RealTime IT News

Firefox Reaches Download Milestone

The Mozilla Foundation said its open source Firefox browser passed the 50 million-download mark this week, less than a year after version 1.0 was released.

The alternative browser, which analytics firms claim has garnered anywhere from 6 percent to 10 percent of the gigantic browser market, has been building momentum since its launch last November.

The foundation seems to be chipping away at Microsoft Internet Explorer's (IE) global stranglehold, mostly by boasting a more secure product at a time when Redmond's ubiquitous tool was being pounded by bugs, forcing the software giant to release reams of security alerts.

IE is estimated to have anywhere from 86 percent to 94 percent of the browser market, but analytics firms have squabbled over those numbers numerous times.

"It's funny how the counter just blows by 50 million without a care in the world, isn't it?" Mozilla developer Blake Ross wrote on Mozzila's Web site today. "But it's not just a number to us. It's a validation of half a decade of work, and the beginning of half a decade more."

However, the foundation says the 50 million is strictly version downloads and doesn't count upgrades.

Although the news might not be keeping Redmond executives awake at night, it is the first time in the nearly seven years since the software giant crushed former rival Netscape, that another browser has even appeared on the radar.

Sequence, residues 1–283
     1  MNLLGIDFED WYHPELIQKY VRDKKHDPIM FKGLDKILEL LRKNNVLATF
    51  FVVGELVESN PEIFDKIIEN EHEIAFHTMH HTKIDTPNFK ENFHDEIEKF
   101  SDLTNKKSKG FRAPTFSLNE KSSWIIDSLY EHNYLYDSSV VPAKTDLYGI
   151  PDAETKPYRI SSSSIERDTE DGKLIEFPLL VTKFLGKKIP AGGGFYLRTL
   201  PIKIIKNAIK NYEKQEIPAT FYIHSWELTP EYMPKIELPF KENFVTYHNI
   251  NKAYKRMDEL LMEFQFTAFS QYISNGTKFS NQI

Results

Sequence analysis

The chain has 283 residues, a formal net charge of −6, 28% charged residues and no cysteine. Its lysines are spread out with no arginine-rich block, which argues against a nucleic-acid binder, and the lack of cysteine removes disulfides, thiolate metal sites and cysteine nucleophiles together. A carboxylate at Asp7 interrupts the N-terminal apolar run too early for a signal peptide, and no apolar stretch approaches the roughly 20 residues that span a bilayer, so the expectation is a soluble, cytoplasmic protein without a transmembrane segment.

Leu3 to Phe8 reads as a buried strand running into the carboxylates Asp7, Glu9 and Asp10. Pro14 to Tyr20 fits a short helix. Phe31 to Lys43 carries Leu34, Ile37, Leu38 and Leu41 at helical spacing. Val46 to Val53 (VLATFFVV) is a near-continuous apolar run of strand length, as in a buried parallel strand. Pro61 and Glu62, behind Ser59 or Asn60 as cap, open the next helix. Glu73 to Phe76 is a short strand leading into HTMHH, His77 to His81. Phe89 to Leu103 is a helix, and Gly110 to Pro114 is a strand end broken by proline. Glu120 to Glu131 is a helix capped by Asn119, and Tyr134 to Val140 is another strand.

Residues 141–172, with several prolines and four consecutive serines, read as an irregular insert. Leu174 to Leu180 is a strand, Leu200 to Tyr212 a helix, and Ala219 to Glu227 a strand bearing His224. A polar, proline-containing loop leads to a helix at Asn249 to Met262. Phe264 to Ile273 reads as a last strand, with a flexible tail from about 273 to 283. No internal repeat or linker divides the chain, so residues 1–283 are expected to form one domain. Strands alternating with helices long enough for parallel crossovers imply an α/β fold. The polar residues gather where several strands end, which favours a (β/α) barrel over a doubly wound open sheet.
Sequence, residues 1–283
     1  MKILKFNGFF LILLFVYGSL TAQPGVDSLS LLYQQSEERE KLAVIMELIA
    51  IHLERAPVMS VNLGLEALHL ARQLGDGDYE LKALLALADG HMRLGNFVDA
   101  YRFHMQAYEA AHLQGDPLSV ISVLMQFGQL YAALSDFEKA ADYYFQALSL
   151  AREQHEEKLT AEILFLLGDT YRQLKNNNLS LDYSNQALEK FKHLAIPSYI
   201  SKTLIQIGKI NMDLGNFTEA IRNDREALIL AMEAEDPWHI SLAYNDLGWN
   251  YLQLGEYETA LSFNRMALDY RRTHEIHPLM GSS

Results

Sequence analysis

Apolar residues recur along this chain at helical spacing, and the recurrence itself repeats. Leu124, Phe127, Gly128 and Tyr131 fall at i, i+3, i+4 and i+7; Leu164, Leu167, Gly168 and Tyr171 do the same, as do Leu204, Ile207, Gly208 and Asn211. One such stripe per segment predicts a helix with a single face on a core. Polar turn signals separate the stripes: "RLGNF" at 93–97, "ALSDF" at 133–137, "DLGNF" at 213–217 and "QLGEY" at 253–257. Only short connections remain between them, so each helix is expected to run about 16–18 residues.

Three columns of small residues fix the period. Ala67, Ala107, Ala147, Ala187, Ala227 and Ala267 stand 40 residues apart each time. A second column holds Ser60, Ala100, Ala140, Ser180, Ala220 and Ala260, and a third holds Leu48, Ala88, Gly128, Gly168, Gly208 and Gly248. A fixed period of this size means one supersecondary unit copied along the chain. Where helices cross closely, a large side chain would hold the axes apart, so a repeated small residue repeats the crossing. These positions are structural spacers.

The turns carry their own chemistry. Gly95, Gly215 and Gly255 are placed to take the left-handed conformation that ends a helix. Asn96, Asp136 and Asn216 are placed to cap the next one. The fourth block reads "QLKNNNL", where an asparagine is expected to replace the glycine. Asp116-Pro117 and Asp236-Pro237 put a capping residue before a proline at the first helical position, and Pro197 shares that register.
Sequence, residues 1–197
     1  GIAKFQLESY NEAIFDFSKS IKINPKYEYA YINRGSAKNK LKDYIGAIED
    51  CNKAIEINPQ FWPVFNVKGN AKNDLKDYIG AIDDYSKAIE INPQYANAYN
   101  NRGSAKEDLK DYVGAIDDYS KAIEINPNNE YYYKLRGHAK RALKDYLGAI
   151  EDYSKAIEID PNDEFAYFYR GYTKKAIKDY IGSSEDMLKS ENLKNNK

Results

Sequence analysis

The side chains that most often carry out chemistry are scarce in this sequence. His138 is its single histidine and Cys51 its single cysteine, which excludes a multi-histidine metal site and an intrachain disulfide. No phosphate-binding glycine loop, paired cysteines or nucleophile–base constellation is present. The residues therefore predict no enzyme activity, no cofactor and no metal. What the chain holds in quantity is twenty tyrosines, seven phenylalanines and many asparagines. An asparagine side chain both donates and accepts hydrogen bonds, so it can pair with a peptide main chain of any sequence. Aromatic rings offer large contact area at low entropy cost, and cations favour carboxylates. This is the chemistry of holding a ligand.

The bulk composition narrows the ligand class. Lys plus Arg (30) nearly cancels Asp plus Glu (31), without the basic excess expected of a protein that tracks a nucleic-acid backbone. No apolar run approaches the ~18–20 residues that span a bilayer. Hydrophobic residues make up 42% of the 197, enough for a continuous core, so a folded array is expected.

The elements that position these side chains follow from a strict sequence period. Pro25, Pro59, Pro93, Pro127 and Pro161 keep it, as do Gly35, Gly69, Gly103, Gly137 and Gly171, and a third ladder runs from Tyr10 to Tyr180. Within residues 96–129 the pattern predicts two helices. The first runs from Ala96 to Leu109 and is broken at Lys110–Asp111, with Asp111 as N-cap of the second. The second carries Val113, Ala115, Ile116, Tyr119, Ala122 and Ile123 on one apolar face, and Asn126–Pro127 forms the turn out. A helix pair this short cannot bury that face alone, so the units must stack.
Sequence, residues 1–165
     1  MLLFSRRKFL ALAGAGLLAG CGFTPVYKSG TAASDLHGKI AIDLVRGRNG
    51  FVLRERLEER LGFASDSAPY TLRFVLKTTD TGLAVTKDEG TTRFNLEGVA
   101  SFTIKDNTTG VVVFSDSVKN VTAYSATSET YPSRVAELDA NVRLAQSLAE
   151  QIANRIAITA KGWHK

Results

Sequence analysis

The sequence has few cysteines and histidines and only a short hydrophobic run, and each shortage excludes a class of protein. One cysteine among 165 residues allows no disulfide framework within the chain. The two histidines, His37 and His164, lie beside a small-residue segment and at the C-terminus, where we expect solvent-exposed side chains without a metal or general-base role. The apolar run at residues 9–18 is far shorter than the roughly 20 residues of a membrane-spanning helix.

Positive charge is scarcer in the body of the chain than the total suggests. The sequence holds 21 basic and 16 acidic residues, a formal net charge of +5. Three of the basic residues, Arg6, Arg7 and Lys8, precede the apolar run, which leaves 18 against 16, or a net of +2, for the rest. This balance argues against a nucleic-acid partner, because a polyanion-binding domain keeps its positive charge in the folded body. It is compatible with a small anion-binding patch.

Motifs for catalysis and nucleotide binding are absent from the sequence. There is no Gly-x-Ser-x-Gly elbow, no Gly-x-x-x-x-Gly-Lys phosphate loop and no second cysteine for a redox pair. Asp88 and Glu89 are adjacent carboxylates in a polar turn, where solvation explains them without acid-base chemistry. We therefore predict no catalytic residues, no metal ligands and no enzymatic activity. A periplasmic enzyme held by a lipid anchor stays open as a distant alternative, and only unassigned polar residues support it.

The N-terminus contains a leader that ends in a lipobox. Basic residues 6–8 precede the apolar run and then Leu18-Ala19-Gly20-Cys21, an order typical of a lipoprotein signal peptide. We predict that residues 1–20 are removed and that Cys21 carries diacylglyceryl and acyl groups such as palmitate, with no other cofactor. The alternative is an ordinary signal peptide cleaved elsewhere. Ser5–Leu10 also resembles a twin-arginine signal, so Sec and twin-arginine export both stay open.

As previously reported by internetnews.com, Firefox, a descendent of the once popular Netscape browser, has had varying degrees of success. Originally named Firebird, the product went through several releases before its final launch.

Web-analytics firm OneStat.com says Firefox currently holds 8.69 percent of the global browser market, a 0.24 percent increase since February. Microsoft's IE has a global market share of 86.63 percent.

If the numbers bare out, and they are similar to OneStat.com's tally in February, it is the first time in several years that IE failed to capture at least 90 percent of Web users.

"It seems that people are switching from Microsoft's Internet Explorer to Mozilla's new Firefox browser," Niels Brinkman, co-founder of analytics firm One Stat.com, said in February. "The total usage share of Microsoft declined 5 percent, and the total usage share of Mozilla increased 5 percent."

While much of the interest in Firefox seems driven by security flaws found in IE, the upstart browser is now finding that with success comes the same security issues Microsoft has dealt with.

In January three flaws were discovered in the browser.

In other browser news, Opera Software said that version 8 of its browser has been downloaded two million times in the two weeks since its release.